Kebede puts Labour ‘on notice’: NEU ‘won’t tolerate’ education cuts

Conservatives have 'failed education', but Labour plans a 'long way from the scale of change that we need'

Conservatives have 'failed education', but Labour plans a 'long way from the scale of change that we need'

Daniel Kebede

The National Education Union (NEU) has put the potential incoming Labour government “on notice” that it “won’t tolerate” cuts to education, its leader has said.

In his first conference speech as general secretary, Daniel Kebede told delegates in Bournemouth this morning that Conservative-led governments had “failed education, education professionals, the children we teach and the communities we serve”.

He mimicked education secretary Gillian Keegan’s ‘hot mic’ moment last year, accusing her and her predecessors since 2010 of doing “an f-ing terrible job”.

Conservatives entered government “full of promises”, including “smaller class sizes; the best curriculum and an education system based upon best evidence and practice. They promised an enhanced status of the teaching profession”.

In 2015 they promised more maths and physics teachers and to “protect school funding”. In 2019, “they promised investment in PE, in sports facilities along with investment in art and music”.

“Conference, not one of these promises has been met.”

He warned that “rather than being based upon evidence and best practice this has been one of the most ideologically driven governments”.

‘Ready to work with Labour, but changes can’t be on cheap’

The “polling is clear” Labour will form the next government, and the party has promised “welcome reforms”, Kebede said, including recruitment of more teachers, free school breakfasts, replacing single-phrase Ofsted judgments and a review of assessment and curriculum.

But they are a “long way from the scale of change that we need to see in education”.  

“We are ready to work with a Labour government to embark on a journey of renewal.  To rebuild and to reinvigorate, to instil hope in our young people, and to champion a new era of possibility and progress.”

But “changes cannot be done on the cheap and Labour should proudly say that their number one priority is education”.

Austerity policies “have destroyed education” and the NEU “didn’t tolerate Tory cuts and we won’t tolerate Labour cuts either”.

“So just as we have placed this government on notice, Keir Starmer and Rachel Reeves, we put any incoming Labour government on notice also.”

‘Invest in education’

Kebede said any incoming government must “invest in education and our young people. To commit to bringing down class sizes and to rebuild and refurbish our schools.

“We want an incoming government to reduce the achievement gap suffered by poor children and tackle child poverty.

“Scrapping the two-child limit and introducing free school meals for primary children are two necessary and immediate starting points Labour should be committed to.”

An incoming government must also be “committed to making teaching a competitive career again, to address the recruitment and retention crisis. And we believe it is wrong that support staff are paid little more than the minimum wage.

“We also need a new national contract for teachers that guarantees they will be valued as professionals.”

But at the election, the NEU will “not tell members or parents who to vote for”.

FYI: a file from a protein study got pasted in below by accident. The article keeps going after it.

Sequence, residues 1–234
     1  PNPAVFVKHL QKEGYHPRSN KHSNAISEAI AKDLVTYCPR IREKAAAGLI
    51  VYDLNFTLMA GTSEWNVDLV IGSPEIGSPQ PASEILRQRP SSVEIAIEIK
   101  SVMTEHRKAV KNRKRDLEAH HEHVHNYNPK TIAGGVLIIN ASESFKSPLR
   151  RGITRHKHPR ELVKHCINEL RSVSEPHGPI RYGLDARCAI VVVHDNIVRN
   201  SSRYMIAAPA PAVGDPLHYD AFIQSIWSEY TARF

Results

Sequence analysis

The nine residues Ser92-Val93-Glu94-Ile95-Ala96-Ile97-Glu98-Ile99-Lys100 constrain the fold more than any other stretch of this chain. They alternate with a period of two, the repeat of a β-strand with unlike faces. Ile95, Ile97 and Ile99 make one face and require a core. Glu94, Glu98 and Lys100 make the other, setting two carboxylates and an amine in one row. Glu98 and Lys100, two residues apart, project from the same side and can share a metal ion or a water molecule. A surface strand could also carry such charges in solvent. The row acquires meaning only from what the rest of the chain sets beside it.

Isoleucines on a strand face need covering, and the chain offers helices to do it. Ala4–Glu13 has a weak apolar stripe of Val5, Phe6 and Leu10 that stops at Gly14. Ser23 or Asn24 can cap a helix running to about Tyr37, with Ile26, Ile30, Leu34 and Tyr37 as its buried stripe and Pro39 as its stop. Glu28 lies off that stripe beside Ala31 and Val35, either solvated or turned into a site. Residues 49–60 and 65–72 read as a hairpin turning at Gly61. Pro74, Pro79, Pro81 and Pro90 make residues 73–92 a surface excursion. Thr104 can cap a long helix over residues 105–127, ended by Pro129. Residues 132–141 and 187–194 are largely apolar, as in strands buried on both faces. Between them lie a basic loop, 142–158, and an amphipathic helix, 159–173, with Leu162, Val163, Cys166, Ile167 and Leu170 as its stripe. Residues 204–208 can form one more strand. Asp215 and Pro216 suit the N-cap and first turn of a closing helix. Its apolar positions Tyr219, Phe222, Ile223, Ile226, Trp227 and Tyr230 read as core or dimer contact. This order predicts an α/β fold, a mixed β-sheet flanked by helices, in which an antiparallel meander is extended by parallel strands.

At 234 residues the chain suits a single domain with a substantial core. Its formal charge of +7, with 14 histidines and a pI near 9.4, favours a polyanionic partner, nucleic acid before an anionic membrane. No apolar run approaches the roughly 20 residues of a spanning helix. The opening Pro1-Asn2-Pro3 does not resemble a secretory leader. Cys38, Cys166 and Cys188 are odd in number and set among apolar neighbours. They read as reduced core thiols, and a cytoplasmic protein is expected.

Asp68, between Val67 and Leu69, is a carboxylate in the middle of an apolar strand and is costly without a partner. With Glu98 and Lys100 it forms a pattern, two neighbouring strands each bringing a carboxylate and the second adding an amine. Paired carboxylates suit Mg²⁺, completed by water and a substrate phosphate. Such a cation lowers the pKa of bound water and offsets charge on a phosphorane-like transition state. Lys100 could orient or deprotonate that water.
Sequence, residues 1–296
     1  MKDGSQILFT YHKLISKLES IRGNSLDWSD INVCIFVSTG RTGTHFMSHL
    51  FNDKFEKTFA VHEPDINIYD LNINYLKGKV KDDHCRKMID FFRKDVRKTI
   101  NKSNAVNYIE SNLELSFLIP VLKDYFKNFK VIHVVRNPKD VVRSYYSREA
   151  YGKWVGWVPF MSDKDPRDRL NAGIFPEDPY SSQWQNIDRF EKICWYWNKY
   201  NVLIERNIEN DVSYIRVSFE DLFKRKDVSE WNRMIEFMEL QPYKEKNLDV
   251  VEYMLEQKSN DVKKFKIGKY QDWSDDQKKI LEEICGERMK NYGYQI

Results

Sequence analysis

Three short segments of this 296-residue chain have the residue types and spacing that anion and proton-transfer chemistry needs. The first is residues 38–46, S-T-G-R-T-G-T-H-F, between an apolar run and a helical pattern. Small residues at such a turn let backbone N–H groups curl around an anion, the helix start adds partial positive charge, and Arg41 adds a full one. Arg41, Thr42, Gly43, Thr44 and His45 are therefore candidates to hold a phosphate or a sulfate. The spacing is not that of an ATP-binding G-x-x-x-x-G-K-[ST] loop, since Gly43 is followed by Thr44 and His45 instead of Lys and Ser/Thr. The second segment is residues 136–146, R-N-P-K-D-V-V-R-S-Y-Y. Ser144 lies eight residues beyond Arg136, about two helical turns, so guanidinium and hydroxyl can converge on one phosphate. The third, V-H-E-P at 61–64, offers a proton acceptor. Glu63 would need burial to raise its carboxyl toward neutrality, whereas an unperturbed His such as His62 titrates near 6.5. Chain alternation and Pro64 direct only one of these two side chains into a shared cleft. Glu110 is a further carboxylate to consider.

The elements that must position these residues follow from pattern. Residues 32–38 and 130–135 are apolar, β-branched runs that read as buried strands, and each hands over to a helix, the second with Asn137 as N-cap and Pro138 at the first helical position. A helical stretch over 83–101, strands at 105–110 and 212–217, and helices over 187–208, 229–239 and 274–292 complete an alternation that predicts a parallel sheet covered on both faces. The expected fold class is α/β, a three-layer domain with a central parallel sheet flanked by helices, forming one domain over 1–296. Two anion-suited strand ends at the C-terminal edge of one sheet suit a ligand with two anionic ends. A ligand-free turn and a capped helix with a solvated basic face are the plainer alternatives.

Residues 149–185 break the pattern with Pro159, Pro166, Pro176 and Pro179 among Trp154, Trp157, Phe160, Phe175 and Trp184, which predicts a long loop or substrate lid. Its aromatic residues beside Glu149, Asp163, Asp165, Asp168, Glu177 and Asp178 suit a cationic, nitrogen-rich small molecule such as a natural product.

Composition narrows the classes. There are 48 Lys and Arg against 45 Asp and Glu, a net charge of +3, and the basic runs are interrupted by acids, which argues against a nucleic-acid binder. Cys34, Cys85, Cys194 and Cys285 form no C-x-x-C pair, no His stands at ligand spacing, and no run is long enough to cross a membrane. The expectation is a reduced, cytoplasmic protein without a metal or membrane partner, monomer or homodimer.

“We will campaign for all parties to invest in education and educators and to end child poverty. We will fight to make sure education is a priority issue that politicians cannot ignore.

“But conference, the direction of this union under my leadership is not simply to wait for a change of government. This is not the NEU way. We are a fighting, campaigning, organising union.”

‘Ball is in Keegan’s court’ on strikes

This week, the conference passed a motion in favour of waiting to receive the government’s pay offer for September before moving to a strike ballot.

That motion “set the strategy”, Kebede said.

“Our members never take action lightly. They would always rather be in the classroom, doing what they do best – teaching and supporting our children.

“But if you give them no choice, they will act to save our schools – and it will be on you, Gillian Keegan. You cannot fall back on the STRB.  We all know it is not independent.

“Gillian Keegan, this is your chance. You can avoid further industrial action. The ball is in your court.”

Kebede also warned that politicians who “scapegoat refugees for political gain need to realise is that every time they spill their bile about refugees, they are making life for many children in schools much harder. They are fanning the flames of racism.

“And Conference, let’s be clear, this is deliberate. Particularly in an election year. Divide and rule. What they call ‘an anti-woke culture war’ is nothing other than old-fashioned bigotry.

“They seek to exploit our perceived differences, to stoke up fear and hatred, and drive a wedge between our communities.”

More from this theme


From the frontline: Heads reveal poverty, abuse and funding woes

Headteachers share their big talking points at the annual NAHT school leaders' conference

Samantha Booth

Schools ‘sidelined’ in favour of ‘populist talk’, warns Whiteman

NAHT boss tells politicians to 'raise your game out of the gutter of smears, misdirection, and the creation of...

Freddie Whittaker

New ASCL boss strikes optimistic tone as pay battle looms

Pepe Di'Iasio speaks to Schools Week as he prepares to take over at headteachers' union

Freddie Whittaker

Pepe Di’Iasio nominated to succeed Barton as ASCL general secretary

Headteacher and former president is executive's pick, but members will have chance to challenge him

Freddie Whittaker

Your thoughts

Leave a Reply

Your email address will not be published. Required fields are marked *